More importantly, I don’t understand why Ars would choose this format. They were never in print media; they started as a technology blog that caters to technologists who are on the go and want information quickly. Why would they want to slow down their readers, much less force them to work to access their content? Furthermore, even the newspaper industry, which has traditionally provided only snippets of text, is starting to relax its death grip on its content. For example, The Guardian has started releasing full text in its RSS feeds.

So, to all content publishers out there remember, readers want information on their terms, not yours. This includes letting your readers selectively subscribe to your articles, which has been a request by many readers on other blogs during this election season, who think that tech blogs and politics do not mix, (cough lifehacker cough). Really, just give the readers what they want.

Keep a look out for my next post coming up in the next few weeks.

Nuevasync: Over the Air Syncing of Calendar and Contacts for your iPhone or iPod Touch

29 09 2008

Love the cloud? Always accessing your Calendars or Contacts from several places? Tired of having to connect your iPhone or iPod Touch to your computer to sync your contacts or calendar? Updated: NuevaSync has added new features! Learn more about them here.

Well, now you don’t have to. The easiest solution to this problem would be to hook up an exchange server to your iPhone so that it stays in sync, but unless you’re an enterprise user, you probably don’t have access to one. It’s not worth setting one up and, if you’re a Google user, you want your info synced there, not your work place. That is no longer a problem, thanks to a free service called Nuevasync. Nuevasync creates an exchange account running only the mobile protocol, and can sync your contacts and calendar with Google.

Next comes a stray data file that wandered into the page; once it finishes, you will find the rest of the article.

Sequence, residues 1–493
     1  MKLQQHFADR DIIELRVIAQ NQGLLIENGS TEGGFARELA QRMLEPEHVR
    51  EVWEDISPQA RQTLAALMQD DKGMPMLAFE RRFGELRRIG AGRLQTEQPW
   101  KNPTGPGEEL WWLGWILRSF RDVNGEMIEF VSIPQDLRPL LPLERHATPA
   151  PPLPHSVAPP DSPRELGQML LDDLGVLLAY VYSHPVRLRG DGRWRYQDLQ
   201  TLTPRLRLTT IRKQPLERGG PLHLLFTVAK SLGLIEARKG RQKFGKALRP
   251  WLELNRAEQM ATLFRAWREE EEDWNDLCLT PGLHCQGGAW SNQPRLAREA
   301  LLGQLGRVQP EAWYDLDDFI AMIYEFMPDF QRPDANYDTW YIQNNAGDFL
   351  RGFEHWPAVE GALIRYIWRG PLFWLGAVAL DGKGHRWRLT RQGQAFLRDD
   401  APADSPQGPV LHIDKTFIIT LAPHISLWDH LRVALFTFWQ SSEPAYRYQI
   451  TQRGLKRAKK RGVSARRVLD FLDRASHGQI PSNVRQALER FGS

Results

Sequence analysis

I originally found out about Nuevasync from a Lifehacker article offering Nuevasync as a Mobile Me alternative. I use Nuevasync with my iPod Touch, so no matter where I am or how I want to look at my data, I have access to it. It also makes it easier to enter a lot of data onto your calendar, and lets you easily import from web sources. Just add it to your Google Calendar and in about 5 seconds, it will show up on your iPhone (as long as you have service or Wi-Fi). This is especially helpful if you use shared calendars in a group setting, such as a family calendar or a group project calendar, by using Nuevasync you will always know that you have the most up to date version. The only catch is that currently, Nuevasync can only sync calendars that you have edit permissions for (there is a tool to help you figure out which ones those are, the link is after the jump) and they get merged all in to one calendar on your iPhone (they stay separated on Google Calendar).